• Optimising search for the natural language terms used by customers and support staff.

  • Designing help pages to enable quick and confident consumption of the content.

  • Delivering short bursts of training based on timely data of questions currently being asked.

Remove the need for unnecessary calls

Content has a cost. To be more precise, missing or misleading content has a cost. And it's your customer support staff who unintentionally pay for it.

To elevate your quality of service you ideally want to have your support team solving complex and unique queries. To give them the time to do this you need to remove bad demand from the system. The calls that could and should be answered in other channels.

Customer support staff are a goldmine of insights. In many organisations they have the most contact with customers. As a result, they can readily tell you the catalogue of unmet needs that cause unnecessary support calls.

How do you uncover the high frequency calls that are frustrating for the customer and the support staff? It’s surprisingly simple. I like to call it the eye-rolling test. Ask your customer support staff what topics they are asked about daily that they wish would disappear.

An illustration showing that many support staff deal with a high volume of low value calls.
Not all calls are of the same value. Many support staff deal with a high volume of low value calls.

“I’ll scream if I have another call today about baggage allowance”.

We recently worked with an international airline on a project to improve their online help centre. The customer support team consistently told us of a single issue they dealt with everyday. Calls from customers asking about the size and weight of the bags they could take on a trip.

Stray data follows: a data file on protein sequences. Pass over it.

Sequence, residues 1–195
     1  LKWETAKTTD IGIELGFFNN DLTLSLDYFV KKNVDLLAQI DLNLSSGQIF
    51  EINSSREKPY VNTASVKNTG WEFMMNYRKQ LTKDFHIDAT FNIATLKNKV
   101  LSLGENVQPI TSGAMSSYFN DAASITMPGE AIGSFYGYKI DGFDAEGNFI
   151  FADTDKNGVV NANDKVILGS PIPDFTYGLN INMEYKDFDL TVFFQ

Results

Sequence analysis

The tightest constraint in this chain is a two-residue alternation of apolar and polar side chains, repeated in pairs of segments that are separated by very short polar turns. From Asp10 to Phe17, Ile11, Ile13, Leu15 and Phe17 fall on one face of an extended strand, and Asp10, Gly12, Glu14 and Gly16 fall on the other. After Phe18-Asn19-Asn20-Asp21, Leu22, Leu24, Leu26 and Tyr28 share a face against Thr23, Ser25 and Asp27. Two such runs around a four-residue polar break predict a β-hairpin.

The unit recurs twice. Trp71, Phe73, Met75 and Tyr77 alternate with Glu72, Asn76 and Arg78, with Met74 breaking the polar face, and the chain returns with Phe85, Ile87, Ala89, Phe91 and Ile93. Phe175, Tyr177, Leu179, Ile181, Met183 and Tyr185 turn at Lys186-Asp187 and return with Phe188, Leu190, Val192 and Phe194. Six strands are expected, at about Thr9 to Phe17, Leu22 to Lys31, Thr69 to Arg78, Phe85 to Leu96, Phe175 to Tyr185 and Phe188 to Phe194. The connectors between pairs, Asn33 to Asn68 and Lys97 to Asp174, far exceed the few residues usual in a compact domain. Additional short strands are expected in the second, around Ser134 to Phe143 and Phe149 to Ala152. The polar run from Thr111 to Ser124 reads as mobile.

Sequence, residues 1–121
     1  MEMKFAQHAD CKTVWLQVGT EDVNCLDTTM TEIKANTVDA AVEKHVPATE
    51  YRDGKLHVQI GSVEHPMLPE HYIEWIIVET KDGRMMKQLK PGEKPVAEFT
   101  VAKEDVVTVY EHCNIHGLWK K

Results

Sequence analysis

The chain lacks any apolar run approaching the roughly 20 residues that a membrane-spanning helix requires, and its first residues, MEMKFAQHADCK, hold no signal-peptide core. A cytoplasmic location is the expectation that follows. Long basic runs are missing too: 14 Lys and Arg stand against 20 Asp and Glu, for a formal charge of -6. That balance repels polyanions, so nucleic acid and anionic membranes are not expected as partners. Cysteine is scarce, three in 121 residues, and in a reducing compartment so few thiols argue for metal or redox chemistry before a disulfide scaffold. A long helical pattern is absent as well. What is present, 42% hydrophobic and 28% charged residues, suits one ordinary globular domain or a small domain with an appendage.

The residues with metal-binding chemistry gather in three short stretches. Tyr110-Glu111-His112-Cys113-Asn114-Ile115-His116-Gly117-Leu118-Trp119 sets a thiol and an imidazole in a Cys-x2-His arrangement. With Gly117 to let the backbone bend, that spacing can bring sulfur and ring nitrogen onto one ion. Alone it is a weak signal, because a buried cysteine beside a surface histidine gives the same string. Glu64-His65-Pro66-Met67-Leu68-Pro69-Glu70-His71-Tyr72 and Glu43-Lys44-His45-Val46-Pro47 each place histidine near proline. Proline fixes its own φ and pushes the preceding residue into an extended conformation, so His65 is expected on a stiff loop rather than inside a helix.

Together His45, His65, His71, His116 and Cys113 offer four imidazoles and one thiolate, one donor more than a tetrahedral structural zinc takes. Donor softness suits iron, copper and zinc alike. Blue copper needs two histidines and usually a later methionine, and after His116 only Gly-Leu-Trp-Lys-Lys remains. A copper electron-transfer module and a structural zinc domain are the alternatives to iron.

The scale and cost of the problem was enormous. It was common for each member of the team to take two calls a day on the topic. That’s ten calls a week each lasting around five minutes. With a support centre of 200 staff that quickly adds up to over 167 hours a week. That’s a lot of time dealing with a topic that frustrates customers in having to call to ask it, and support staff in needing to deal with it.

In knowing the problem we could then take a service design approach to finding a solution. We created a user journey map and plotted the communication touchpoints with customers over time and across channels. We then added to it where information about baggage allowances was given. It was apparent there were many moments in the customer journey where highlighting information on baggage allowances would be useful.

The result of relatively small design fixes was a massive reduction in calls on the topic with fewer frustrated customers and more capacity for the support staff to deal with more complex help questions.

“You can tell the time of year by the questions being asked. It becomes predictable”.

When working with a major utility company we used the same customer journey mapping technique to uncover how support calls changed with the seasons. In workshops with support staff, it soon became obvious which high volume and low value topics cropped up at different points of the year. This insight led to relevant information being added in call-outs on customers’ bills as well as being featured when relevant on the website.

The timely surfacing of information had an immediate effect on reducing unnecessary calls and freeing up time for staff to use their expertise where it added more value.

To reduce the number of unnecessary calls:

  • Spend time talking to your support staff and do the eye-rolling test.

  • Carry out call listening and run surveys with support staff to identify common issues that better content delivery could resolve.

  • Run a journey mapping workshop to see where, when and how information on a topic is communicated to your customers across all your channels.

  • Calculate the value and volume of support calls to help you prioritise the topics that cause bad demand.

Once you know the problem to tackle you are in a better position to design changes and measure the impact of them.

Improving the employee experience improves the customer experience

Small moments of internal service inefficiency soon scale up. This can quickly result in hours and days of unnecessary effort and frustration felt by your staff and your customers.

Great customer services are intentionally designed. And like all products and services, they need reviewing and updating to keep them fresh and fit for purpose. Taking time to regularly review how customer service is delivered is a cost-effective way to spot opportunities where design iterations can add value.

Make great customer service your competitive advantage by spending time improving the employee experience.